Interestingly, new teachers in New York City have a higher probably of reaching their retirement age than the State average (29.2%) which either means that the data is faulty or that the study assumes that the superior health and welfare benefits attached to the pension for New York City teachers as well as the fifteen year vesting requirement encourages many of the remaining teachers to stick it out until they reach the retirement age.  For the remaining urban areas, outside New York City and Los Vegas, the percentage of teachers reaching retirement age is dismal and in the single digits.  Even just making it to be vested is low with less than one in five teachers being vested in Washington D.C. (18.8%).

To make matters worse, in fifteen states, teachers are not eligible for Social Security and if they don't receive a full pension, then they jeopardize their retirement.  This is a dilemma and why the education reformers like the "fifth columnist" Educators for Excellence and the Conservative Manhattan Institute advocates for a portable pension system (401K) for teachers.  However, teaching has never been a short-term job and despite the many roadblocks that politicians and their education reformer allies try to impose on the teaching profession, it still should remain as a life-long position, complete with retirement benefits and adequate health care.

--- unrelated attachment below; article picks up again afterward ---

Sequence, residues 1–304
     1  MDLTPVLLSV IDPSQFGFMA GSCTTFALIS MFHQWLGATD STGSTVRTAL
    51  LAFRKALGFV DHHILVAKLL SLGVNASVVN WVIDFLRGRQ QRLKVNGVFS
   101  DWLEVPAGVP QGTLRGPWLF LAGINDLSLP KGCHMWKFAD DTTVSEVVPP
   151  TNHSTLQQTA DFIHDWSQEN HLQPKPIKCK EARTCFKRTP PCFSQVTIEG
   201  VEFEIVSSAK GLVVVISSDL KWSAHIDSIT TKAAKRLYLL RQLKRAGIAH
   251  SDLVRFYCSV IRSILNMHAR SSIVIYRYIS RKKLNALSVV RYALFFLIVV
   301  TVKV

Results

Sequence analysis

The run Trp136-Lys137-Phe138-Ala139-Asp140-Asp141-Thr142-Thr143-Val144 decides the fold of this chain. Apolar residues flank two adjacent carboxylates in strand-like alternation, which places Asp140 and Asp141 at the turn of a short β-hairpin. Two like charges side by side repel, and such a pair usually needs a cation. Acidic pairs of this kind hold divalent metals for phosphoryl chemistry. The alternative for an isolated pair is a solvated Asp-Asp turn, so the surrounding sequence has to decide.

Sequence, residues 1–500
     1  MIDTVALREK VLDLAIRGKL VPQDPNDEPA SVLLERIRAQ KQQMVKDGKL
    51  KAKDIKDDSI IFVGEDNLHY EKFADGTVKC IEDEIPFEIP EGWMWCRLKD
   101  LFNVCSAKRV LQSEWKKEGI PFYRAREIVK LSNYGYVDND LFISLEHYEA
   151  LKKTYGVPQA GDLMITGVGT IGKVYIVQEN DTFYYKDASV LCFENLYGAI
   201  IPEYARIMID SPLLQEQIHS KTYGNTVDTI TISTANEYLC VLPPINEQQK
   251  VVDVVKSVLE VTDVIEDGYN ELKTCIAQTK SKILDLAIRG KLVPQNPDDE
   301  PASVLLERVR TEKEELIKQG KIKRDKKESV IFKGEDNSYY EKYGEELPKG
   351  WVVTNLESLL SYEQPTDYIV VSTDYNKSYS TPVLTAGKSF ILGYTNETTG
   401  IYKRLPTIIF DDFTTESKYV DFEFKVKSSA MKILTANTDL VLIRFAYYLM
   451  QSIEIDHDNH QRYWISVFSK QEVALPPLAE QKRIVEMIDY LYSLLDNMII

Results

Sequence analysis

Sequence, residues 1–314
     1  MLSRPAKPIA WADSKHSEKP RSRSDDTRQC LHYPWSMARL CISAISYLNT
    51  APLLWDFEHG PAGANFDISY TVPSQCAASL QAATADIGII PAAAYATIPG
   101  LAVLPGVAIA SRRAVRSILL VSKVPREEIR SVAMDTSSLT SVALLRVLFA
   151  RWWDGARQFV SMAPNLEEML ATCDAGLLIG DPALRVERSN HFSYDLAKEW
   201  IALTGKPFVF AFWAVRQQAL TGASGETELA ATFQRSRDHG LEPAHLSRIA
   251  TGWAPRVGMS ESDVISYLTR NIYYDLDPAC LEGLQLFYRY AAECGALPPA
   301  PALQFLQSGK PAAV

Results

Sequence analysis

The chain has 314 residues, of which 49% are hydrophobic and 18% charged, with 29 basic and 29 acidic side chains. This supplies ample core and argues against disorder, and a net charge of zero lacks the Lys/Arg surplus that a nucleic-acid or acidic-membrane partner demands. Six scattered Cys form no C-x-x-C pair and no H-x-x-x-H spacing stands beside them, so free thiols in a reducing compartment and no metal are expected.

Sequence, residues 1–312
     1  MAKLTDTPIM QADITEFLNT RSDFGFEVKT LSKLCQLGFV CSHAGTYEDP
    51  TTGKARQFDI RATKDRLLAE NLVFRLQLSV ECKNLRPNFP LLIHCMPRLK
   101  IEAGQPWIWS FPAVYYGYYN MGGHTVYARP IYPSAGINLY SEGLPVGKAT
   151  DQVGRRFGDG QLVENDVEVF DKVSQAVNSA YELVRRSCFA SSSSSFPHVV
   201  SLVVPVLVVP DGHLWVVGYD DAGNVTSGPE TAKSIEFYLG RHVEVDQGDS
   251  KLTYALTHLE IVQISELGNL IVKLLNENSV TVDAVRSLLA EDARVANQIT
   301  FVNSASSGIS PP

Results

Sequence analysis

In New York City, even if you are to believe that 33% of the new Tier VI teachers will make it to their full retirement age of 63 (I don't), that means that 67% will have left the system before reaching the holy grail, a properly funded pension.


28 comments:

Anonymous said...

QUESTION: If I teach in NYC for my entire career but have been living in Connecticut, will I get social security if I retire in Connecticut?

Chaz said...

You will get full Social Security since you work as a teacher in NYS.

Anonymous said...

Chaz, so awesome. Just read on Chalkbeat that the Network leaders and other dumb titled personnel, are jumping ship prior to next Thursdays announcement of school governance. The main problem everyone is laughing at is that these "same ol" network people are just switching titles to things like "principal advisor" or "deputy superintendent". It's the same people in different titles. AH HAHA HA HA HAAA HA. LOVE IT!

Anonymous said...

If a teacher takes a year long study sabbatical, does that year count as a year of service toward retirement?

Anonymous said...

Wonderful post. I am really impressed that you were able to put all these elements together to come up with a clear and simple explanation.

I am shocked how few teachers nationwide will make it to their retirement age. This is one of your best articles yet when it comes to our profession.